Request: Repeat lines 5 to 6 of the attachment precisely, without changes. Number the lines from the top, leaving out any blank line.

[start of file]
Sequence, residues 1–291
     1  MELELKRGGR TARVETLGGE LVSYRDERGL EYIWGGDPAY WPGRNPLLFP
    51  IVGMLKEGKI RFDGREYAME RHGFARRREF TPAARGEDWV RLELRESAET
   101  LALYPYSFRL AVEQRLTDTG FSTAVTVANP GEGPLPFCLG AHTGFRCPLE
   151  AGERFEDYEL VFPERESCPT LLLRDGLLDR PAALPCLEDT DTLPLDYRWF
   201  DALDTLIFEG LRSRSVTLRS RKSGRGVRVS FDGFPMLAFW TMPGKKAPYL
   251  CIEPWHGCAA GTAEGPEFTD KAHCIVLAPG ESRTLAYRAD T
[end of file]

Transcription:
   151  AGERFEDYEL VFPERESCPT LLLRDGLLDR PAALPCLEDT DTLPLDYRWF
   201  DALDTLIFEG LRSRSVTLRS RKSGRGVRVS FDGFPMLAFW TMPGKKAPYL